The National Football League (NFL) season may be winding down—or just heating up for playoff-bound teams—but the NFL and the International Franchise Association (IFA) are gearing up for a whole new venture.

The duo is hosting an NFL Franchising Boot Camp April 26–29 at the University of Michigan in Ann Arbor, giving 20 current and former NFL players a chance to dive headfirst into the world of franchising.

Steve Caldeira, president and CEO of the IFA, says attendees will not only walk away with a clearer understanding of what it takes to be a successful franchisee, but also with advice on how to evaluate franchise opportunities and pick the best option for them.

“No matter what business you start in, whether it’s in franchising or not, part of what you need to do is be very thorough in your preparation and do your due diligence on that particular industry or business segment,” he says.

“And in this case, [players] will get insight from both franchisors, as well as franchisees, so it gives them an opportunity to really understand from people who have been successful,” he adds.

More players are putting increasing thought and effort into planning for life post-NFL, Caldeira says. It helps, he adds, that professional athletes have a skill set that’s highly transferable to the world of franchising.

These qualities, skills, and talents include the drive to work hard to achieve success, the ability to shine as an individual player while following the playbook, and the respect and appreciation for being part of a team and a brand, Caldeira says.

“You need to have the right support system in place or else you risk losing a lot of money.”

However, there are certain challenges that NFL players—and professional athletes in general—will face when entering the franchise market, he says. First is that athletes have to realize that money isn’t the only prerequisite for a successful business; it also takes a solid management team and staff to ensure operational and financial success.

“It’s one thing to write the check, but they also need to be smart enough to understand that it’s more than just money,” he says. “It’s having a commitment to building and sustaining a great team to maximize and execute for success.”

Angelo Crowell, a former Buffalo Bills linebacker, is a four-unit Jersey Mike’s owner with his wife, Kimberly. He says having the support of a strong team—both in terms of employees and the franchisor—is essential to maintaining a franchise.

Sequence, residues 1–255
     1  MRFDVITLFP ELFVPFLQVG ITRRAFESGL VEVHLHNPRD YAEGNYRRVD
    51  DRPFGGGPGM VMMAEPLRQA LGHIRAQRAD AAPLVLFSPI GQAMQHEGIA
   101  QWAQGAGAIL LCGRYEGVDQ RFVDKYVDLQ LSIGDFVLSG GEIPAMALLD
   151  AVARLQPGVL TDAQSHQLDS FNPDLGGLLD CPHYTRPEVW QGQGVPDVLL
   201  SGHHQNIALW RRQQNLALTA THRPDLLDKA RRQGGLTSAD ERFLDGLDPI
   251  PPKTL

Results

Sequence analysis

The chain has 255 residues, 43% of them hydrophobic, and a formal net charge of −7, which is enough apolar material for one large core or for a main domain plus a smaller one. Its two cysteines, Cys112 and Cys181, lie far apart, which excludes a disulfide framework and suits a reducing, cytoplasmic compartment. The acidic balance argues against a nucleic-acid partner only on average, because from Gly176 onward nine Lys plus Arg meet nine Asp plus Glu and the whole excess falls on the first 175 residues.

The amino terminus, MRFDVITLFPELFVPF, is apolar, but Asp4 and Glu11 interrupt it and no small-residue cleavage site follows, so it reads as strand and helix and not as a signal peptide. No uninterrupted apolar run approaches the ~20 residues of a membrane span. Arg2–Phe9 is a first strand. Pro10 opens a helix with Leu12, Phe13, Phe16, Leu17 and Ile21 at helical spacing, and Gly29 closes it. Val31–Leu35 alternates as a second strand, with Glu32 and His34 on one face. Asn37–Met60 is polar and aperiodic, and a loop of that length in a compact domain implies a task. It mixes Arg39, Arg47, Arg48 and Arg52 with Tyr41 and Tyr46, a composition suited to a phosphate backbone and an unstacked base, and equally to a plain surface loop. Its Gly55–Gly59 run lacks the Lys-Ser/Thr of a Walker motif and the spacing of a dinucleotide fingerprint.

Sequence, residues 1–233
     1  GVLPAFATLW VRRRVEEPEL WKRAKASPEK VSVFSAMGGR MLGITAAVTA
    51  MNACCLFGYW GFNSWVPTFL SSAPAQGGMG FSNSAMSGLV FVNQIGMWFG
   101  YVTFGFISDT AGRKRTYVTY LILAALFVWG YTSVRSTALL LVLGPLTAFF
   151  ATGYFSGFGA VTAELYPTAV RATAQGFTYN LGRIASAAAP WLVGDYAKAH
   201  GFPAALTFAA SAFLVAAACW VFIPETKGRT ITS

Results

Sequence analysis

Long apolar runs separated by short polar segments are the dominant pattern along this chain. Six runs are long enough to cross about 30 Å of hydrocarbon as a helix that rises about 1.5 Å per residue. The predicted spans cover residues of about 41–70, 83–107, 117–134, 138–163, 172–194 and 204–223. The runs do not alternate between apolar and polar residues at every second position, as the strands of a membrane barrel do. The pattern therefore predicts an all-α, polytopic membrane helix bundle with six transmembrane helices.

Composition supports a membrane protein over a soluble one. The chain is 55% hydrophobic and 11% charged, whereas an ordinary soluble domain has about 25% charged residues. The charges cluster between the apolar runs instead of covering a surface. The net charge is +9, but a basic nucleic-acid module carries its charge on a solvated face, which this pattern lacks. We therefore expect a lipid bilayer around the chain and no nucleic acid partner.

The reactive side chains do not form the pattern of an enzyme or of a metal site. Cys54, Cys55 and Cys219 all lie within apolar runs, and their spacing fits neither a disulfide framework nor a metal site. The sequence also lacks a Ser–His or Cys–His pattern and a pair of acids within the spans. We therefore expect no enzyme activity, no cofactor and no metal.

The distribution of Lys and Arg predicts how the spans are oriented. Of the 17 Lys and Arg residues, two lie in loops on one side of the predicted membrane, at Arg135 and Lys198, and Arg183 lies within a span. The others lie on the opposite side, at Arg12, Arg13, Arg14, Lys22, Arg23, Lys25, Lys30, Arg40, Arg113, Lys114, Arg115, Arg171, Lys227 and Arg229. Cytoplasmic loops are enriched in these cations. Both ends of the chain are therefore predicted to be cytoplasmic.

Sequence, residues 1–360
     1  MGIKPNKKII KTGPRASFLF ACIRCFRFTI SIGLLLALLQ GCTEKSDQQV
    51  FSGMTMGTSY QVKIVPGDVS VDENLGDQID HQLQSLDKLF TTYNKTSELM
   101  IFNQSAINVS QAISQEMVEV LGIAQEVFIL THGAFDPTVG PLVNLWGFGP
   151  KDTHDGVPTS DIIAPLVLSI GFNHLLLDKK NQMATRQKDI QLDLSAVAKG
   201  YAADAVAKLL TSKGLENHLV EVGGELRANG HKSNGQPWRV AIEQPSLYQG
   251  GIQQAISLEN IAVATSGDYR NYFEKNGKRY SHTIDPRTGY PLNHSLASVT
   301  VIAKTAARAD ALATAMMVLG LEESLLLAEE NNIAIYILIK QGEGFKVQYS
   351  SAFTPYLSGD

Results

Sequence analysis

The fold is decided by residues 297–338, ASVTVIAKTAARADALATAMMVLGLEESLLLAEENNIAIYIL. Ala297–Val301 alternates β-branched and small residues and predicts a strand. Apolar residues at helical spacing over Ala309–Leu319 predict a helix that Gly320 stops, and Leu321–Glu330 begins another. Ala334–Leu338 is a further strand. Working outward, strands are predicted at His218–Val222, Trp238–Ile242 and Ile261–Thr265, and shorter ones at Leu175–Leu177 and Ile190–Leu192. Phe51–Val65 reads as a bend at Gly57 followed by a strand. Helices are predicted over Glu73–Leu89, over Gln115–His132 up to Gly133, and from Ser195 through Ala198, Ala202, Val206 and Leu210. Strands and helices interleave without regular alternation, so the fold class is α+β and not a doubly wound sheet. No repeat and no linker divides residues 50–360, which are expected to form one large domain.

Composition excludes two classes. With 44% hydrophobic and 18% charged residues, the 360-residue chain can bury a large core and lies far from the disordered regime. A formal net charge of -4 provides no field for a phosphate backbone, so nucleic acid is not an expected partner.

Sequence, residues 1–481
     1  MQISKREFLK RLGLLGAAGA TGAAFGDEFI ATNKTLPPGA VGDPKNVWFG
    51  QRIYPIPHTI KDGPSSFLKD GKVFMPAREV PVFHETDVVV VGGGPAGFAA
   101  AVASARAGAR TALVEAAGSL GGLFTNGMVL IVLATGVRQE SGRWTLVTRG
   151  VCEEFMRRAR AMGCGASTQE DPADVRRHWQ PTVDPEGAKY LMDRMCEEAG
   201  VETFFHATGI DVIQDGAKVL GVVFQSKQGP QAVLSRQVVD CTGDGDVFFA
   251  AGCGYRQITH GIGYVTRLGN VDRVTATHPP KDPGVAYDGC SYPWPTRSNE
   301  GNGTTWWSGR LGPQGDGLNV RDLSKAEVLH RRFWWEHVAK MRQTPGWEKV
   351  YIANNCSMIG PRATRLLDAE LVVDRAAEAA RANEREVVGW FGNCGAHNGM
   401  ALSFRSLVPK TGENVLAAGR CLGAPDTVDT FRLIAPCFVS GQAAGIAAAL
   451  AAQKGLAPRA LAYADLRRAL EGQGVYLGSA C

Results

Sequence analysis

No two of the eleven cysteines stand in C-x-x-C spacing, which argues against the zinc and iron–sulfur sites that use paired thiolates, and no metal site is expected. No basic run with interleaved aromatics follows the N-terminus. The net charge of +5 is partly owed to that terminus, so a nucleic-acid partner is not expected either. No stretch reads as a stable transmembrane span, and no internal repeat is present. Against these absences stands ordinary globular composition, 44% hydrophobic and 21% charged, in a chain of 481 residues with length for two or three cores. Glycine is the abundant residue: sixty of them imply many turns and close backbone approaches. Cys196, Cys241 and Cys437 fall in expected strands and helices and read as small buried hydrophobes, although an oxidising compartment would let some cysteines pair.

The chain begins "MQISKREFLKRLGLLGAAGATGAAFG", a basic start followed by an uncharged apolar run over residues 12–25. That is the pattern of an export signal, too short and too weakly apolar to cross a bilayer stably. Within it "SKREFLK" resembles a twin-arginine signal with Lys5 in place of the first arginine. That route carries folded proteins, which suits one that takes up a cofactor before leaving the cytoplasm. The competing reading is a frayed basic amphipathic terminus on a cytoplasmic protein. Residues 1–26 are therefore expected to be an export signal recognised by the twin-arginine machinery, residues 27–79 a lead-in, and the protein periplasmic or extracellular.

“I consider myself the GM of my business, and I have to develop a strong bench in order to continue to grow,” he writes in an e-mail to QSR.

“It’s extremely important to find a franchise that provides its franchisees with adequate support, has a solid infrastructure in place, and is financially strong,” he says. “There is a lot of money at stake. You need to have the right support system in place or else you risk losing a lot of money.”

Crowell adds that athlete franchisees must stay on top of their game when it comes to operating their own units. “You need to have a complete understanding of the risks involved,” he writes. “Be an active participant in the process. Never assume that someone else will run [the business] properly for you.”

Pointing to the fact that 42 percent of the IFA’s members are involved in chain-restaurant franchising, Caldeira says foodservice is a natural fit for many NFL players interested in owning their own piece of a brand.

In fact, many high-profile professional football players are already playing their role in the quick-service restaurant field. Denver Broncos quarterback Peyton Manning recently signed a franchising agreement with Papa John’s; the Miami Dolphins’ Reggie Bush owns a Panera Bread franchise; and New Orleans Saints QB Drew Brees is a Jimmy John’s operator.

“It is the segment of the industry that employs the most people, has the most sales, has the most establishments,” Caldeira says. “And I think there’s a certain cache with owning a restaurant. People love to go out to dinner. It’s a little different, probably, owning another franchise that isn’t quite as sexy.”

Particularly for individuals coming from outside industries, franchising is a smart way to get into the restaurant business, Caldeira says. “It’s a lot easier to follow a proven template than to create a business plan on your own, and then you throw in the support from the franchisor,” he says. “Think of the marketing support that [franchisees] get, think of the HR and training support that they get, think of leveraging efficiencies through the supply chain to enhance franchisee profitability.”

Crowell says the “existing playbook” that NFL players and franchisees can follow helped push him in the direction of franchising after football.

“Instead of you having to reinvent the wheel with a new business venture, you simply have to roll the wheel,” he says. “In addition, franchising is like a family; there is an existing network of people that you can tap into to help you be successful.”

Though the franchising boot camp is being held for NFL players only, Caldeira says he expects other leagues to catch on with their own training programs, as well.

“We’ve all heard the stories of how a lot of athletes made incredible amounts of money but somehow make bad investments or it all goes away for whatever reason,” he says. “I think this is part of a very thoughtful education outreach program for the long haul by the NFL. I think you’ll see other leagues fall behind their lead.”

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